Des Moines River --  Love it, Explore it, Support it
 Because the Des Moines River doesn't begin at Hwy 20 and end at Hwy. 92
Father of Iowa Water Trails
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Funding for the Rivers Program needs our ongoing support.  There has been good funding for water trails and dam mitigation, more is needed.  The most promising funding stream is the Natural Resources and Outdoor Recreation 
Trust Fund, 
created by an overwhelming majority of Iowa voters in 2010,
a permanent and constitutionally protected funding source
.  The actual funding requires action by the legislature.

 I was involved in early efforts to secure funding for the program, and I strongly support the work being done by the DNR on water trails, river safety, scenic rivers, dam safety and studies, stream bank restoration and so much more.  I am especially interested in the rock arch rapids design that has been implemented in Boone, Charles City, Marengo, and several other Iowa cities.

I only know of 2 people who have paddled every mile of the Iowa section of the Des Moines River from Estherville to Keokuk.  It took me 2 years  (97-98).  It is just amazing that John Craun did it in just over 7 days in 2010.

I first took notice of the Des Moines River in 1993, after the historic flood, and began following the Dragoon Trail signs along the river in my car.  Larry Stone’s accounts of his 1994 trip were my inspiration.  Eventually, I bought a kayak and began paddling one section of the river after another, often alone and even in the winter and doing a self-shuttle using a bike. 

The Des Moines River and the people and places along it became a fascination for me.  I began to write about my travels online well before blogs were mainstream and I still maintain a Web site, desmoinesriver.org.

I’ve traveled every mile of the Des Moines River in Iowa at least twice over the past 14 years.  I have explored every access point along the river.  Along the way, I became known as the father of Iowa water trails. 

Back then (1998), few if any were thinking of rivers as trails.  I pushed the idea in my spare time.  I was able to help establish funding for new ramps and signs and persuade people who lived near the river to see it as a trail.  The idea of a water trail was actually first discussed at the General Store in Bentonsport  (Van Buren County) in December of 1998.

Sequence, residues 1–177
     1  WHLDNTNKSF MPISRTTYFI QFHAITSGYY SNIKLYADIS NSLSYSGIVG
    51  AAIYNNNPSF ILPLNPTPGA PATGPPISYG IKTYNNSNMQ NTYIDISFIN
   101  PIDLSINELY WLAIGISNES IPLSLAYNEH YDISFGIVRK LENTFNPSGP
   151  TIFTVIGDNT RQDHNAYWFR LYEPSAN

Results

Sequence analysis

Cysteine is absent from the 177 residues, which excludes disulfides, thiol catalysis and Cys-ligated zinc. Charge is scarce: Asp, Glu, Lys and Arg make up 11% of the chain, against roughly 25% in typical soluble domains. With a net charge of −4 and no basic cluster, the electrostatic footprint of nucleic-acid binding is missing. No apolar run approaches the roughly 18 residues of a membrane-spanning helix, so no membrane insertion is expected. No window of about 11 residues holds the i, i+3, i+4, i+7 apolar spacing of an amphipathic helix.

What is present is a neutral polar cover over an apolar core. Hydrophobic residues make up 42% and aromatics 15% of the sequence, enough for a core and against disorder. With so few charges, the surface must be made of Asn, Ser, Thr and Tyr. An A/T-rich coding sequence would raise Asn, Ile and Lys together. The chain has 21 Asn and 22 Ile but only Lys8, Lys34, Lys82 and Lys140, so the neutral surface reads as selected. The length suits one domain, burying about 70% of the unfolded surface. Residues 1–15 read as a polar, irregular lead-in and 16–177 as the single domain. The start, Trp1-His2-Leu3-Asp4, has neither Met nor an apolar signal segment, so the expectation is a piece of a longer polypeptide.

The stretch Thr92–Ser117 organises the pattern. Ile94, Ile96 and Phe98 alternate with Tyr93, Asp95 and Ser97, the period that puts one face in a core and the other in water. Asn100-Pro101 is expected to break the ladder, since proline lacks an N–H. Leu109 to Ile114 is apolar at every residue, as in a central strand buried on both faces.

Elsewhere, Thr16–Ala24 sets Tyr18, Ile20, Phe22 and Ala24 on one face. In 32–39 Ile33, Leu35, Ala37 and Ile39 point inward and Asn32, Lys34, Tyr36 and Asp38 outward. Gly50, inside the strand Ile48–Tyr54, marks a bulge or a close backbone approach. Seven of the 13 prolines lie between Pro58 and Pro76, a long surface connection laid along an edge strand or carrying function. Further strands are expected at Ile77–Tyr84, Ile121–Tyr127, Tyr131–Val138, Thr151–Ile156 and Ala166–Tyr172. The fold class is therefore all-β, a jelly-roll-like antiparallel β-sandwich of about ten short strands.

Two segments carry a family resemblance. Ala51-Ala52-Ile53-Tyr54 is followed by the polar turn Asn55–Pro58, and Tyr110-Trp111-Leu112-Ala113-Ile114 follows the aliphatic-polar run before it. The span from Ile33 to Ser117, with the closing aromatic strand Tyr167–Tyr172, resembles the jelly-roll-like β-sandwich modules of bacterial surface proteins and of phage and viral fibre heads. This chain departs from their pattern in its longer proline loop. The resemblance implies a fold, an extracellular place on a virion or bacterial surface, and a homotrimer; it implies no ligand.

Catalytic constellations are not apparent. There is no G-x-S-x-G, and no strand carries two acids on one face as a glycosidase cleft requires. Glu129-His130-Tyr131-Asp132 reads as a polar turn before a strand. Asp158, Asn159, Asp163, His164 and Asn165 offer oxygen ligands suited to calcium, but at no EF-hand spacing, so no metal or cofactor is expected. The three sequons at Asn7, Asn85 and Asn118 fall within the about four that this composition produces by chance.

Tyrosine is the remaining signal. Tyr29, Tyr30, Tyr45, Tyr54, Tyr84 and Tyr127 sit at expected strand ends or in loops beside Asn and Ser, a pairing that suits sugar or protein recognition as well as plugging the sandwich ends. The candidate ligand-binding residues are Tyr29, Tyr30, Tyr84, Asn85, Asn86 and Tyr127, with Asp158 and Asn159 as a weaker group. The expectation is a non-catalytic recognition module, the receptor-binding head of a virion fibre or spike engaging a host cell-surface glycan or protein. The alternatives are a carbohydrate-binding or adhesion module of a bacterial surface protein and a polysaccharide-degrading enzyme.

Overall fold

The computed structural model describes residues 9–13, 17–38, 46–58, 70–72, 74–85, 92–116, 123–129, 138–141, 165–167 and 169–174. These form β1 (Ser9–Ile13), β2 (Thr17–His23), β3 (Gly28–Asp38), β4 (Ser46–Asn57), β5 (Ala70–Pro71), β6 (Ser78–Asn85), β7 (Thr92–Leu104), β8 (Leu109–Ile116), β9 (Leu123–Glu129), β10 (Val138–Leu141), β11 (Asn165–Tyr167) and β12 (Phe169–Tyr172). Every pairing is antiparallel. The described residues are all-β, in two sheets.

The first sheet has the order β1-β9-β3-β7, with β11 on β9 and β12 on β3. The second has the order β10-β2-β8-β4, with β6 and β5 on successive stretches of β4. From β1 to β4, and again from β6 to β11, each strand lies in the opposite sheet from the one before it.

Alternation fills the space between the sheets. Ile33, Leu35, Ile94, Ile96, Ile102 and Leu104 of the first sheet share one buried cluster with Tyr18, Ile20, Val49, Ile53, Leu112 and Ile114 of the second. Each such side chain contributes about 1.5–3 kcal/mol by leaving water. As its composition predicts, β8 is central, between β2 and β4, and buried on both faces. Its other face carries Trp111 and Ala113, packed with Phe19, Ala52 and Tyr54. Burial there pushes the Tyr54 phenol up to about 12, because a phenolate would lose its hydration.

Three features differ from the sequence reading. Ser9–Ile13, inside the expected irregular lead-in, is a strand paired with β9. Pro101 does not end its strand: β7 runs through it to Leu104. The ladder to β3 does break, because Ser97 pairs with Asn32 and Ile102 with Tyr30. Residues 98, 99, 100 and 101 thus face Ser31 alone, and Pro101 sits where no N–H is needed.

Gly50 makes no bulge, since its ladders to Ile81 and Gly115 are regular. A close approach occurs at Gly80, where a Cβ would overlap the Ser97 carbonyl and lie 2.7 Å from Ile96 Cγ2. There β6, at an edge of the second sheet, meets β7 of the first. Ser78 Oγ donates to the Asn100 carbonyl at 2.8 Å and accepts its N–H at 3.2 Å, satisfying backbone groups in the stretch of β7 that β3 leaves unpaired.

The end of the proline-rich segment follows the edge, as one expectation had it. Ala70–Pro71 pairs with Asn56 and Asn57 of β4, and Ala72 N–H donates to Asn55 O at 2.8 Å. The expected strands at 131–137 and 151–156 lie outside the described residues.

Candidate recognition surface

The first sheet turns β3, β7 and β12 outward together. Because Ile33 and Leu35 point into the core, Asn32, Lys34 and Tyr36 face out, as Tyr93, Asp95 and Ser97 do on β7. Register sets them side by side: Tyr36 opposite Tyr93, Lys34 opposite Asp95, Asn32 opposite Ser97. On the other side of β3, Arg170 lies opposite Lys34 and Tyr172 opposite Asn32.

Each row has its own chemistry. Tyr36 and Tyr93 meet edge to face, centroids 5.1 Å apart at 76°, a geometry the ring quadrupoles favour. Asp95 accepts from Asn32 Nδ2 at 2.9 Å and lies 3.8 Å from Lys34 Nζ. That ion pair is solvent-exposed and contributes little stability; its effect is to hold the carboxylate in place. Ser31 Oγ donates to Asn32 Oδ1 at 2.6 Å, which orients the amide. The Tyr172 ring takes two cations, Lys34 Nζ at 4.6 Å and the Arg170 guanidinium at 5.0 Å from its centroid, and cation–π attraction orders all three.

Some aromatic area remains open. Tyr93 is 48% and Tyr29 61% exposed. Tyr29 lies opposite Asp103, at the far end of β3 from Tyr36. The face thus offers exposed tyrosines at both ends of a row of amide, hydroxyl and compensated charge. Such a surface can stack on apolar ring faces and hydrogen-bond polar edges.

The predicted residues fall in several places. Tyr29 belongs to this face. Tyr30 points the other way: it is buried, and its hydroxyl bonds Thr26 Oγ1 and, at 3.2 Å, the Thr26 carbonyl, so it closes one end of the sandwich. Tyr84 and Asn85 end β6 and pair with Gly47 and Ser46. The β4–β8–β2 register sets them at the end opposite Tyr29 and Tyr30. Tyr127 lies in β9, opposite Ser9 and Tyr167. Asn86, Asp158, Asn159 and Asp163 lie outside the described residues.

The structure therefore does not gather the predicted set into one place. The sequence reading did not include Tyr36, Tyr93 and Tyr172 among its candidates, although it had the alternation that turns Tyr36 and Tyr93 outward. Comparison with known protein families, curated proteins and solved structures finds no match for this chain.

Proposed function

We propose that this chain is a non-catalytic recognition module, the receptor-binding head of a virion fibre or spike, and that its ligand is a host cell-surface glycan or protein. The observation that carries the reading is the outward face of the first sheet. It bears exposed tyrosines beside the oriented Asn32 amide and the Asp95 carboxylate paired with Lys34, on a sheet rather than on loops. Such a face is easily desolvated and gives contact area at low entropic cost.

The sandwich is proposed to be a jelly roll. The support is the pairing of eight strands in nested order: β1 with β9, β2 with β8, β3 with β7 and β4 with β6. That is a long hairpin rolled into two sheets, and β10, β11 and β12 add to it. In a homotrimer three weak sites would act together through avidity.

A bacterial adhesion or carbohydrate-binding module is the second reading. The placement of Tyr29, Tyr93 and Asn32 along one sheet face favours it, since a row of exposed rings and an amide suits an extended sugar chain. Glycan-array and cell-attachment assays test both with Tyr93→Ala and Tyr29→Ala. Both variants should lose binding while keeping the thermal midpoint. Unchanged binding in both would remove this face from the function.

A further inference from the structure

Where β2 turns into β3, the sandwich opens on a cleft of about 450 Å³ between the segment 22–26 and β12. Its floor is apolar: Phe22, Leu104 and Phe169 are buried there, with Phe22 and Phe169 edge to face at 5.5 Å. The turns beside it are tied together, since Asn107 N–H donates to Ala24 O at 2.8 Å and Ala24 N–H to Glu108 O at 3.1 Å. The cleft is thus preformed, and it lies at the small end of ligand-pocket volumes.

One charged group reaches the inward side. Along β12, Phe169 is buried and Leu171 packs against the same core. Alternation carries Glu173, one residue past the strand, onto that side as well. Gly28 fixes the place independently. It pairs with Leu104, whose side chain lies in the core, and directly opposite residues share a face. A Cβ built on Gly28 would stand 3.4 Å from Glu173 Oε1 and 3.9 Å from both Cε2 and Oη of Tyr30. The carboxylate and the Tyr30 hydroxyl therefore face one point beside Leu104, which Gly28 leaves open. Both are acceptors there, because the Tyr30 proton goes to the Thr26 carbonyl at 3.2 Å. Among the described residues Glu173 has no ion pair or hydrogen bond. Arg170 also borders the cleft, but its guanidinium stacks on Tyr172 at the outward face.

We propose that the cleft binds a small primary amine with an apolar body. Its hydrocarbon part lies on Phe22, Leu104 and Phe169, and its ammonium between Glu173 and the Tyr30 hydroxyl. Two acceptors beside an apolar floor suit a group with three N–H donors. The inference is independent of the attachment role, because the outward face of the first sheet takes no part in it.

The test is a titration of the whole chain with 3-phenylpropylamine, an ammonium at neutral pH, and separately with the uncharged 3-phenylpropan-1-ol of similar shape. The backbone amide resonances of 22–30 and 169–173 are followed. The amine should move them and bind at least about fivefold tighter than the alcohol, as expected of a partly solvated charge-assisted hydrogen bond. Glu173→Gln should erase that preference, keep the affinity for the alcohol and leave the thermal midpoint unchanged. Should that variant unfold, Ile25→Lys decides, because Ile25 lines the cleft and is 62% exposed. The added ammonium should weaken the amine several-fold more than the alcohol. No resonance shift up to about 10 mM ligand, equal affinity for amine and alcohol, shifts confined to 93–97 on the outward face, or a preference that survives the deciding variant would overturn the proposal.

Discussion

In those early years, I put fliers in convenience stores from Estherville to Keokuk and wrote to local newspapers.  Eventually I was working with the Des Moines Recreational River Greenbelt Commission (the group that established the Dragoon Trail) and with conservation boards in all 17 counties along the river.  There was a river-long dedication of the Des Moines River Water Trail in June of 2000. 

Unfortunately, there was no funding made available for the water trail at that time.  For several years there were annual float trips in several counties, and the water trail logo was the result of the work of the Water Trail task force.

In 2002, Van Buren County received funding for a 40 mile water trail from the Federal Recreational Trail program after I became a member of the scoring committee.  Other counties received funding over the next several years.  Eventually, the DNR established the Rivers program and began funding water trail projects and providing official designations to water trails.  The Van Buren County water trail was one of the first to be designated as an official water trail in 2007.

Today, there are official Des Moines River water trails in Webster, Boone, Polk, Marion and Van Buren counties.  So there is work to be done before there is a trail from Estherville to Keokuk. 

It is amazing to read of all the water trails being established all over the state.  Our rivers are being recognized as recreational resources and natural wonders.  More and more people are being drawn to the rivers.  This was the vision I had during my many river expeditions.  I am happy to have helped get things started, and very grateful to those who have gotten so much done since the establishment of the Rivers program.








Random Acts of Information


Brought to you by MJS and the Adult Services department of the Des Moines Public Library


Thursday, February 12, 2009

Looooove that Kate Shelley

Didn't see this one coming, did you? But in her day Kate was Iowa's Sweetheart. If you don't know her story, here it is in brief. It was 1861 and a terrible storm raged. Fifteen-year-old Kate Shelley lived close enough to Honey Creek that she heard a train crash into the water. She ran to the bridge, saw 2 men trapped. Not only did she need to get help for them, but she knew a passenger train was scheduled to come over that broken bridge in a matter of minutes. In the filthy weather, her lamp long blown out, Kate Shelley crawled across the broken bridge, over slippery railroad ties - the kind with the gap between them and a looong fall down - full knowing she could be hit by the ongoing train! Where is this girl's action movie! Kate made it to the station on time, the passenger train was saved and two of the men who went into Honey Creek survived. She died in 1912 and the Kate Shelley High Bridge near Boone is named in her honor. Heck, I don't even want to go from the house to the car in a nasty storm. Kate Shelley was one amazing Iowan.

Kate Shelley : bound for legend


Kate Shelley and the midnight express


Additional Information:
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